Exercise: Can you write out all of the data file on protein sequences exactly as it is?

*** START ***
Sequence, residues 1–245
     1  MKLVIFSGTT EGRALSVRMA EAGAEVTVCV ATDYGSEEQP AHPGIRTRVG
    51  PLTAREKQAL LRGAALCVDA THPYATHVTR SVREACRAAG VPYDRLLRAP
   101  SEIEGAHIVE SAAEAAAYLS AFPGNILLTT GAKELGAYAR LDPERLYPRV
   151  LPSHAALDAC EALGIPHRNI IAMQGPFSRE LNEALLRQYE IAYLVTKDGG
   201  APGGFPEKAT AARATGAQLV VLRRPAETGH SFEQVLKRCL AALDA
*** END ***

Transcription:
Sequence, residues 1–245
     1  MKLVIFSGTT EGRALSVRMA EAGAEVTVCV ATDYGSEEQP AHPGIRTRVG
    51  PLTAREKQAL LRGAALCVDA THPYATHVTR SVREACRAAG VPYDRLLRAP
   101  SEIEGAHIVE SAAEAAAYLS AFPGNILLTT GAKELGAYAR LDPERLYPRV
   151  LPSHAALDAC EALGIPHRNI IAMQGPFSRE LNEALLRQYE IAYLVTKDGG
   201  APGGFPEKAT AARATGAQLV VLRRPAETGH SFEQVLKRCL AALDA